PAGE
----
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Clamtown

Coco McCabe | Massachusetts, United States

Each time he fills the basket, Steve Hemeon empties the clams into mesh sacks that he soaks in the water to wash the mud away.

At a time when so may jobs are becoming automated, shipped to other countries, or swallowed by monopolies, clamming remains one of the few types of work individuals with drive and an independent spirit can still find: There are no degrees required and no bosses to report to.

This collection of photos is a celebration of Ipswich clammers, a mostly unseen corps of workers whose grit I deeply admire.

I live on the Ipswich River, a thoroughfare for clammers making their way out to the mudflats. I can hear the whine of the engines on their small boats before they chug into view, one or two clammers per vessel, hunched against the cold. Often, they pass by at dawn, and just as often at dusk: Their lives depend on the ebb and flow of the tides.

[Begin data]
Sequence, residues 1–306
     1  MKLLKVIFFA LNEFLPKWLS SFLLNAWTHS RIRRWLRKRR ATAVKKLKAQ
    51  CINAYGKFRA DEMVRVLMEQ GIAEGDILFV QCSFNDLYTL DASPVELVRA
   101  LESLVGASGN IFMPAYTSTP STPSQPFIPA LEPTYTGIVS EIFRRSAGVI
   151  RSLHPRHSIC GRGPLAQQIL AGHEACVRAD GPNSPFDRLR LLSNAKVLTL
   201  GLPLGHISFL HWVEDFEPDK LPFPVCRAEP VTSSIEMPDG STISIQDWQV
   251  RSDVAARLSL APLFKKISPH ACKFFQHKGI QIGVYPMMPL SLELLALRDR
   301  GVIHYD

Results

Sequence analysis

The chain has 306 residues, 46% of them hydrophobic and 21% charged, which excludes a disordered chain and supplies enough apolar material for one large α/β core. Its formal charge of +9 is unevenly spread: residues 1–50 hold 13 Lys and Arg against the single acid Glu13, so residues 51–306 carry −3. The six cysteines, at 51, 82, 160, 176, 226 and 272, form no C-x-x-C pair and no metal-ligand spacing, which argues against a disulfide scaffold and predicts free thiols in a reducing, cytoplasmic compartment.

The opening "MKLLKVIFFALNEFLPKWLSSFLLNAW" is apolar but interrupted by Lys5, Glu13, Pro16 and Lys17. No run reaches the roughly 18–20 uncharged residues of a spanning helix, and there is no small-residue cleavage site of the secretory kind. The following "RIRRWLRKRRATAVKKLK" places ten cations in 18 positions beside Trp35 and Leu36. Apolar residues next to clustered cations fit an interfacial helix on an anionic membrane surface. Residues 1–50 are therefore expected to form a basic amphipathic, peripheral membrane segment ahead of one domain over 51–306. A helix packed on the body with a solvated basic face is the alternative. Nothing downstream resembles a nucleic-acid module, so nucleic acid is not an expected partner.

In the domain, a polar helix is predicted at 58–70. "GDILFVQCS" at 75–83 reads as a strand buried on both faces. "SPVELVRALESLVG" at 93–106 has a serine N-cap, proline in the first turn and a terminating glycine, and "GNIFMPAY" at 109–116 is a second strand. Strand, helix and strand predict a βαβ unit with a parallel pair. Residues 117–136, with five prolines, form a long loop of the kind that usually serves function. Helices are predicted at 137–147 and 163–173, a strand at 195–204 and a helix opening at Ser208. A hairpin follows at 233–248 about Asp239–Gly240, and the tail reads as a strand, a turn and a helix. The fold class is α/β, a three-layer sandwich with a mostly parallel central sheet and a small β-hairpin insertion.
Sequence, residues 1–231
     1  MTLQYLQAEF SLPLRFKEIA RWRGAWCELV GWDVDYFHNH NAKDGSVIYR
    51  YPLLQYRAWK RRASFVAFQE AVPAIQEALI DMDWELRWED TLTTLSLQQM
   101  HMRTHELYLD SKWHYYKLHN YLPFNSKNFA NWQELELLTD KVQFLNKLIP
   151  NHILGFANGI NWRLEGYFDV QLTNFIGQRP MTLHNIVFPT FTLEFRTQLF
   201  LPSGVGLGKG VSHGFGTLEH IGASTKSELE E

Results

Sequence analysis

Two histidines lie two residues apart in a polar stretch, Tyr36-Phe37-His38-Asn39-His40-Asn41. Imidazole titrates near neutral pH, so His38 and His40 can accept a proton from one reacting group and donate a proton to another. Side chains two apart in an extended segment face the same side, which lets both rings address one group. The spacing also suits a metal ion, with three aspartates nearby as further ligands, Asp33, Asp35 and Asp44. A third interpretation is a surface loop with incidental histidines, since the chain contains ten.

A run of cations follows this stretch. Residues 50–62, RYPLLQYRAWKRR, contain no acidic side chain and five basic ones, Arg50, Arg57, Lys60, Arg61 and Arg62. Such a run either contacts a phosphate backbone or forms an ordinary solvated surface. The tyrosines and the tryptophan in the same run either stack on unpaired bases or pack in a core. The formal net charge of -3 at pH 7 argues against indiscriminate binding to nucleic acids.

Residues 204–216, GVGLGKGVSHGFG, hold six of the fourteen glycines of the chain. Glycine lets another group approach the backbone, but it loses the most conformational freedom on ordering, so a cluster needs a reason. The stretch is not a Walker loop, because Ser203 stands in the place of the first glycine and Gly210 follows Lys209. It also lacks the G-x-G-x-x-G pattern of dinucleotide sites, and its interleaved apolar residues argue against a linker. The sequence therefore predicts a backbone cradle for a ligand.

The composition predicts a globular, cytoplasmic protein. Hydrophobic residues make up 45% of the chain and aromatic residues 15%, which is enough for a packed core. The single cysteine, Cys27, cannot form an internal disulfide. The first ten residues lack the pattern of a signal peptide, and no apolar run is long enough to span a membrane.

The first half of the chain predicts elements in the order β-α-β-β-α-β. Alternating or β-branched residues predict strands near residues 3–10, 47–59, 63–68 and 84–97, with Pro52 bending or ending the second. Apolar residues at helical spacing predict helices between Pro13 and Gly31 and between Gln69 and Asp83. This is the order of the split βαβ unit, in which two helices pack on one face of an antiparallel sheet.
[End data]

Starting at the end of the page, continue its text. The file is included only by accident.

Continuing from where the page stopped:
Low tide is when they work—digging hard in the sticky black mud regardless of sleet, snow, wind, bugs, or brutal heat. Clamming is not for softies, of body or mind. It requires physical endurance and psychological self-discipline.

Here, in Ipswich, Mass., clamming is one of the oldest economic enterprises, bestowing the community with its well-earned nickname, Clamtown. Its bivalves are famous across the country.

At a time when so may jobs are becoming automated, shipped to other countries, or swallowed by monopolies, clamming remains one of the few types of work individuals with drive and an independent spirit can still find: There are no degrees required and no bosses to report to.

This collection of photos is a celebration of Ipswich clammers, a mostly unseen corps of workers whose grit I deeply admire.

Coco McCabe

Email: newmarch@verizon.net

Phone: 978-356-2820

 

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